As a result of this mandate, all non-exempt staff members of these healthcare facilities who refuse to be vaccinated are constructively discharged from employment, although CMS refers to the constructive firing as “[a choice] to leave their jobs.” At a time when healthcare workers are desperately needed, particularly in rural communities, this Mandate inevitably leads to a reduction in our nation’s healthcare workforce. Surprisingly, CMS justifies this new regulatory vaccination requirement as a mechanism to address “staffing shortages” stating, “the urgent need to address COVID-related staffing shortages that are disrupting patient access to care, provides strong justification as to the need to issue this IFC requiring staff vaccination for most provider and supplier types over which we have authority.”
To carry out the mandate, CMS instructed that noncompliant providers are “subject to enforcement remedies imposed by CMS depending on the level of noncompliance and the remedies available under federal law (for example, civil money penalties, denial of payment for new admissions, or termination of the Medicare/Medicaid provider agreement).”
The Petitioners argue, and we agree, the Mandate (1) “violates the Administrative Procedure Act (APA) because it is arbitrary, capricious, and unlawful;” (2) “is unconstitutional under the Spending Clause, the anti-commandeering doctrine, and the Tenth Amendment;” (3) “the Mandate violates the APA because it was issued without notice and comment,” and (4) “the Mandate exceeds CMS’s statutory authority.”
Turning to the government’s argument in this case, the Congressional Research Service summarized it as follows: “Congress may offer federal funds to nonfederal entities and prescribe the terms and conditions under which the funds are accepted and used” and “As the federal government increased its role in public health, Congress [also] relied on the Commerce Clause to pass more comprehensive national health regulations.” As our brief explains, cobbling together ill-conceived and perhaps politically-motivated interpretations of constitutional authority to fashion “a giant ‘catchall’ [general welfare] exception [swallows] the rule that the national government was intended to be one of enumerated and limited powers.”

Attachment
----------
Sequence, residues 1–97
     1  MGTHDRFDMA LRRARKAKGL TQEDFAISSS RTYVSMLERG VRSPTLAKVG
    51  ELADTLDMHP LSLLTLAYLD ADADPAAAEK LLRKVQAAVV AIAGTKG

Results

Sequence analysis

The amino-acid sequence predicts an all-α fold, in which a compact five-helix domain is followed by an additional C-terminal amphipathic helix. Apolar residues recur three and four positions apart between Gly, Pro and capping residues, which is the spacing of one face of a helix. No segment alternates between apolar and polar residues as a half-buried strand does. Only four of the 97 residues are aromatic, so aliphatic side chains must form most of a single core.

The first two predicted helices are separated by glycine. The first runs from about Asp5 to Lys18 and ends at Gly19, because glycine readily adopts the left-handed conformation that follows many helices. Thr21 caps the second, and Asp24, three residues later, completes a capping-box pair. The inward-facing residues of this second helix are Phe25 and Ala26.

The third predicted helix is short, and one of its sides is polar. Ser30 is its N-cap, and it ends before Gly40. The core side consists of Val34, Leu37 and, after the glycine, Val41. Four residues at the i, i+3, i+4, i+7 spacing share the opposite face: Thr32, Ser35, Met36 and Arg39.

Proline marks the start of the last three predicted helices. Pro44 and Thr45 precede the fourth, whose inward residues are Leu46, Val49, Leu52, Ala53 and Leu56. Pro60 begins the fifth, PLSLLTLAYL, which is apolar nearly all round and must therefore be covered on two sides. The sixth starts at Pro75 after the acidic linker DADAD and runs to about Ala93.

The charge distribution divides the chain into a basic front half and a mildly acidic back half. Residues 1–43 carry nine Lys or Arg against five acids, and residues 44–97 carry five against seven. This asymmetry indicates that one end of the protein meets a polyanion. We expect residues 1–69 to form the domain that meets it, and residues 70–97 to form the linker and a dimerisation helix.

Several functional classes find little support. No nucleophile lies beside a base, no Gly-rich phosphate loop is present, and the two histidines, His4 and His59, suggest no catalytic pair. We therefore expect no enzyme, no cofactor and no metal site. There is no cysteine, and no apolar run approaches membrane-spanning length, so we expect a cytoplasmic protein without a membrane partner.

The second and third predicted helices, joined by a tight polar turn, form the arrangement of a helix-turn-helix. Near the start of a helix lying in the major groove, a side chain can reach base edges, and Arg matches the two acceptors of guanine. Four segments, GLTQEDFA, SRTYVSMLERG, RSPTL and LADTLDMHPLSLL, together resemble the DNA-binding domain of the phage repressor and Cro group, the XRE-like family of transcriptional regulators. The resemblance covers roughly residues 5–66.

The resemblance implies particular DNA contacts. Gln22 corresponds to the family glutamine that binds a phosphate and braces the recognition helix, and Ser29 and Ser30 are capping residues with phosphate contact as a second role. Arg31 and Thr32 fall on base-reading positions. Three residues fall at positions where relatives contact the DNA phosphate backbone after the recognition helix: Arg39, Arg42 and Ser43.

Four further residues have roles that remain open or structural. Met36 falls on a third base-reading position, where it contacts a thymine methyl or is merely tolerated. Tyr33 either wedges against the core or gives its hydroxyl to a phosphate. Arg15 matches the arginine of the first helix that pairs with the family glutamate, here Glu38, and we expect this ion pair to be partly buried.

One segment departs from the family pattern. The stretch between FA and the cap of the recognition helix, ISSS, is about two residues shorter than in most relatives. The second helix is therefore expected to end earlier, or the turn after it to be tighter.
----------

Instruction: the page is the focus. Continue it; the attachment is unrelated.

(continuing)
Notably, on January 13, 2022, the SCOTUS issued an emergency stay, pausing the government’s vaccine-or-test administrative regulation issued by the Occupational Safety and Health Administration (OSHA) for employers with 100 or more employees in National Federation of Independent Business (NFIB) v OSHA 595 U.S. (2022). America’s Future joined 11 organizations in an Amicus Brief arguing the SCOTUS should grant NFIB’s Emergency Application for Stay of Administrative Action filed against OSHA, which it did.
Supreme Court of The United States Updates – Week of June 20 – 23, 2022
To keep our readers updated about the Supreme Court of the United States (SCOTUS) rulings since the date of last week’s newsletter, please find below the Court’s latest decisions considered the “law of the land” through today (June 24, 2022). These rulings are now binding on all other courts and in all states. America’s Future will continue to report on the Court’s decisions in future newsletters. For information about SCOTUS, visit the Court’s website at https://www.supremecourt.gov.
Carson v Makin (No. 20-1088 – Chief Justice Roberts authored the opinion)
ISSUE: Whether “Maine’s ‘nonsectarian’ requirement for otherwise generally available tuition assistance payments violates the Free Exercise Clause.”
RULING: Yes. “Maine’s ‘nonsectarian’ requirement for otherwise generally available tuition assistance payments violates the Free Exercise Clause”– The decision of the First Circuit Court of Appeals is reversed and remanded.
LINK TO OPINION: https://www.supremecourt.gov/opinions/21pdf/20-1088_dbfi.pdf
Shoop, Warden v Twyford (No. 21-511 – Chief Justice Roberts authored the opinion)